About This Project
Orang-utan is a Malay word that means person of the forest. Every year hundreds of people visit Malaysia and Indonesia to spend weeks or months working with these incredible great apes. But what kind of impact is this having on conservation and in what ways can it be improved? In this project I will visit several field sites across the island of Borneo to interview volunteers and staff, culminating in a best practice guidelines to operating successful volunteer tourism projects.
Ask the ScientistsJoin The Discussion
What is the context of this research?
Although there have been many studies on the impact of eco-tourism on great apes, fairly few studies have been done with a focus on orangutans, and even fewer still on volunteer tourism.
There are currently thought to be between 45,000 and 60,000 orangutans left on the island of Borneo, and everyday more of these great apes are orphaned due to deforestation, hunting and the pet trade. Many of these orphans will end up in wildlife sanctuaries which are also overflowing with other native species from the small sun bear to the elusive civet.
In 2013, Malaysia alone received 25.7 million tourists, many of whom visited these various wildlife sanctuaries as either day visitors or volunteers just for a chance to the iconic orange ape.
What is the significance of this project?
While eco-tourism (traveling with the intention to see wild places or things) has been evolving for decades, adding volunteers to the mix has the potential to change everything.
Now is the time to shape volunteer tourism to become one of the most powerful tools in conservation. It has the potential to contribute significant amounts of money to projects, educate people about animals, environments and foreign cultures and provide much needed physical support to care centers.
By assessing the different volunteer experiences at 4 different locations across the island of Borneo, as well as identifying the 'average' volunteer, changes can be made to improve the experience for staff, volunteers, and of course, the orangutans.
What are the goals of the project?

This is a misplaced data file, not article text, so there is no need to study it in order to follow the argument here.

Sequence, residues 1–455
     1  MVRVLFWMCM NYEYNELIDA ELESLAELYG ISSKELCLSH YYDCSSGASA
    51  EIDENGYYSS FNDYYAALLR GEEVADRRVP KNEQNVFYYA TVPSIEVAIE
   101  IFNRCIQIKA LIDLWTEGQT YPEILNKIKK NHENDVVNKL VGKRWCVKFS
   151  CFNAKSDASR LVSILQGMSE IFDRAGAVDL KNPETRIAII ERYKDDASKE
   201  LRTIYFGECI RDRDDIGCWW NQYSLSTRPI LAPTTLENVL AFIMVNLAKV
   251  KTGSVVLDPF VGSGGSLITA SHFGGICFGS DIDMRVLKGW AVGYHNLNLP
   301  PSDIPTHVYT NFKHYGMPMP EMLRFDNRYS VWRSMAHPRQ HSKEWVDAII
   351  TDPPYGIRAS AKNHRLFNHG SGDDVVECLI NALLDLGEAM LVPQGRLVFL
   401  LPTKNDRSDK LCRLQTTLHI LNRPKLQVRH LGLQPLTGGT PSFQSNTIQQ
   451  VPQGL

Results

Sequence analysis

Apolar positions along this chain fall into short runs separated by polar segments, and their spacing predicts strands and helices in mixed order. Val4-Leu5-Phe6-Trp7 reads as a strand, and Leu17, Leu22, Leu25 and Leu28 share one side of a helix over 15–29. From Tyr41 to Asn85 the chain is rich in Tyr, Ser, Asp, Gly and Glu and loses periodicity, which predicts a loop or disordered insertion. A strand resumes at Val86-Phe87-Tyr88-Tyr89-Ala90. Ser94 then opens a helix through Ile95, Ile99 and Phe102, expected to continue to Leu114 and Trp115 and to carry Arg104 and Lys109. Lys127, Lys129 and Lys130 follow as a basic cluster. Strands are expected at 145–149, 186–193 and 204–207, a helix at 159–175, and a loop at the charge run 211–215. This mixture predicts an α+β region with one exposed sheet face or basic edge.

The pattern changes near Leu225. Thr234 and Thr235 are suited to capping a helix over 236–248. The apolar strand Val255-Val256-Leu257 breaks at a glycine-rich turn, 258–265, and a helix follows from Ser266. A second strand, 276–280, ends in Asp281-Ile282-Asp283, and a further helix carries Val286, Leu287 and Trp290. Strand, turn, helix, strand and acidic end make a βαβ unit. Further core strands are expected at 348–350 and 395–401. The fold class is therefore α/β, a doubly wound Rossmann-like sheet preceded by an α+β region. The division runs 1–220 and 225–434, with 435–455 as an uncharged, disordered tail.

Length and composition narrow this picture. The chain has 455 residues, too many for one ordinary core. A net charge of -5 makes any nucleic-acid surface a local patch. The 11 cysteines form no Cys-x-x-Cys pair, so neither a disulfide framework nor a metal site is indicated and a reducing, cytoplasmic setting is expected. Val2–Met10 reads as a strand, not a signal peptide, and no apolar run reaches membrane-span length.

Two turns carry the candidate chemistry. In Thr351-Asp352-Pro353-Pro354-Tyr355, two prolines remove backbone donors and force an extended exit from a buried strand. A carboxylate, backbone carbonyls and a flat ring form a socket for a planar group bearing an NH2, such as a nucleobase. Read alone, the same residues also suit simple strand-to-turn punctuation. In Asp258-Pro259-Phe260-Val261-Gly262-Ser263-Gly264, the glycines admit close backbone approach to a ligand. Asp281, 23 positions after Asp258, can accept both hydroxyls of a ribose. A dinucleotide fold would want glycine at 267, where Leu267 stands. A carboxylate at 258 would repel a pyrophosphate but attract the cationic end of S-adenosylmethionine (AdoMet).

During my 12 week stay on the island of Borneo I plan to interview staff and volunteers at set intervals throughout the volunteer's stay. This will give me an idea of how the volunteers attitudes and expectations evolve throughout the course of their stay and how the staff deals with these changes.
I have chosen 4 different volunteer programs to include in my study as each of these 4 programs offer different experiences for the volunteers. This will help me to create an average volunteer profile based on what experiences can be offered.
Ultimately a list of suggested improvements will be given to the different programs that aim to enhance the volunteer experience, create a more economically effective program, as well as amplify the positive effects on conservation.
This research project is instrumental in shaping the development of volunteer tourism. While initial research has been conducted ex situ the only true path for advancement lies in research being conducted in situ.
This budget will allow for more accurate in-person interviews, assessment of impact on a local level as well as observational data collection. It includes the cost of visiting 4 different volunteer project sites over the course of 12 weeks.
This on-the-ground study will have lasting impacts on the conservation status of orangutans and other native Bornean wildlife.
Meet the Team
I am conducting this project for my MSc in Primate Conservation from Oxford Brookes University, in Oxford, UK.
I have always had a passion for animals and conservation. During my studies as an undergraduate at Southern Methodist University in Dallas, Texas I volunteered at a big cat sanctuary, interned at the Palm Beach Zoo and eventually worked at the Dallas Zoo. While I have worked with almost every species of animal imaginable my passion lies in primates.
In the summer of 2014 I went to Sierra Leone with the Tonkolili Chimpanzee Project where I researched the possible instances of chimpanzees crossing the Pampana River. At this field site there was a high amount of human-wildlife conflict which led to my interest in human-primate interactions focusing on great apes.
While I believe research is important, I know that conservation would be doomed without a collaboration with outreach and education. This is why I not only run my own conservation and science blog Endangered Living, but will also use my time in the field to engage with several American schools through virtual field trips. These 3rd through 5th graders will follow me on my journey through the field learning about wildlife, Bornean culture and conservation.
Outside of my time working with animals I also studied multi-media journalism while at SMU. I was not only published in my school paper, but also the Dallas Morning News along with several other animal-related news sites.
A young orangutan at Sepilok Orang Utan Rehabilitation Centre in Sabah, Malaysia. Photo courtesy of CIFOR
Ecotourists at Sepilok Orang Utan Rehabilitation Centre in Sabah, Malaysia. Photo courtesy of CIFOR
Researcher Sarah Bell collecting GPS points along the Pampana River in Sierra Leone, 2014.
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